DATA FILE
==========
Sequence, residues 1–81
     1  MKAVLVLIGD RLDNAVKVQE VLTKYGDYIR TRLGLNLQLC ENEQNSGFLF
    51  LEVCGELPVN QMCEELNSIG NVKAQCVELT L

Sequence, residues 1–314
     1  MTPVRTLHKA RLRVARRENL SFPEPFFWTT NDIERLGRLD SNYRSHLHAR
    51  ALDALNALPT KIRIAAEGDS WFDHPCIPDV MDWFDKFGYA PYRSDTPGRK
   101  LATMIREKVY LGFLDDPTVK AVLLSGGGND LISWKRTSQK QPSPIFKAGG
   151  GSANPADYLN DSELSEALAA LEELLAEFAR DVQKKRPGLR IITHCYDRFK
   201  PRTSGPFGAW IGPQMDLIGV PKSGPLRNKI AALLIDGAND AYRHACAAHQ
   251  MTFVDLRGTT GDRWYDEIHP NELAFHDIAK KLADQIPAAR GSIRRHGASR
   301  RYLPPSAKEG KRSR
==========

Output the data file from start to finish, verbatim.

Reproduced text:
Sequence, residues 1–81
     1  MKAVLVLIGD RLDNAVKVQE VLTKYGDYIR TRLGLNLQLC ENEQNSGFLF
    51  LEVCGELPVN QMCEELNSIG NVKAQCVELT L

Sequence, residues 1–314
     1  MTPVRTLHKA RLRVARRENL SFPEPFFWTT NDIERLGRLD SNYRSHLHAR
    51  ALDALNALPT KIRIAAEGDS WFDHPCIPDV MDWFDKFGYA PYRSDTPGRK
   101  LATMIREKVY LGFLDDPTVK AVLLSGGGND LISWKRTSQK QPSPIFKAGG
   151  GSANPADYLN DSELSEALAA LEELLAEFAR DVQKKRPGLR IITHCYDRFK
   201  PRTSGPFGAW IGPQMDLIGV PKSGPLRNKI AALLIDGAND AYRHACAAHQ
   251  MTFVDLRGTT GDRWYDEIHP NELAFHDIAK KLADQIPAAR GSIRRHGASR
   301  RYLPPSAKEG KRSR